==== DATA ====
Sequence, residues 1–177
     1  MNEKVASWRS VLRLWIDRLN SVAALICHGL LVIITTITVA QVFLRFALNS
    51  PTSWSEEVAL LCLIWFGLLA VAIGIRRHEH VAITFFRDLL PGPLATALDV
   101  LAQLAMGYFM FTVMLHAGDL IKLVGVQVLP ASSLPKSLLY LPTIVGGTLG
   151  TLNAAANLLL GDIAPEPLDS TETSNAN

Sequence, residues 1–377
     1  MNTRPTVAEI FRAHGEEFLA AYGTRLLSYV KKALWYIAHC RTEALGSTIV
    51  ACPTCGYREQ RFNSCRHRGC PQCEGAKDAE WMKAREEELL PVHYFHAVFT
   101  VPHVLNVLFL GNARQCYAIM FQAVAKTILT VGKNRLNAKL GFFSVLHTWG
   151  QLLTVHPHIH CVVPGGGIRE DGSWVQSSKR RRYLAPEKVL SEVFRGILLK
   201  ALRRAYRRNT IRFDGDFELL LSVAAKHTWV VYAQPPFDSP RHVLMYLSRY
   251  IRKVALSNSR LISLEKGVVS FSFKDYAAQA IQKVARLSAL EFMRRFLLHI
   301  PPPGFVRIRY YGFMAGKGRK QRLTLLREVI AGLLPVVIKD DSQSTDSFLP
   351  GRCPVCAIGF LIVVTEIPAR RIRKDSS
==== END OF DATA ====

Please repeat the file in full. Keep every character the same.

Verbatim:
Sequence, residues 1–177
     1  MNEKVASWRS VLRLWIDRLN SVAALICHGL LVIITTITVA QVFLRFALNS
    51  PTSWSEEVAL LCLIWFGLLA VAIGIRRHEH VAITFFRDLL PGPLATALDV
   101  LAQLAMGYFM FTVMLHAGDL IKLVGVQVLP ASSLPKSLLY LPTIVGGTLG
   151  TLNAAANLLL GDIAPEPLDS TETSNAN

Sequence, residues 1–377
     1  MNTRPTVAEI FRAHGEEFLA AYGTRLLSYV KKALWYIAHC RTEALGSTIV
    51  ACPTCGYREQ RFNSCRHRGC PQCEGAKDAE WMKAREEELL PVHYFHAVFT
   101  VPHVLNVLFL GNARQCYAIM FQAVAKTILT VGKNRLNAKL GFFSVLHTWG
   151  QLLTVHPHIH CVVPGGGIRE DGSWVQSSKR RRYLAPEKVL SEVFRGILLK
   201  ALRRAYRRNT IRFDGDFELL LSVAAKHTWV VYAQPPFDSP RHVLMYLSRY
   251  IRKVALSNSR LISLEKGVVS FSFKDYAAQA IQKVARLSAL EFMRRFLLHI
   301  PPPGFVRIRY YGFMAGKGRK QRLTLLREVI AGLLPVVIKD DSQSTDSFLP
   351  GRCPVCAIGF LIVVTEIPAR RIRKDSS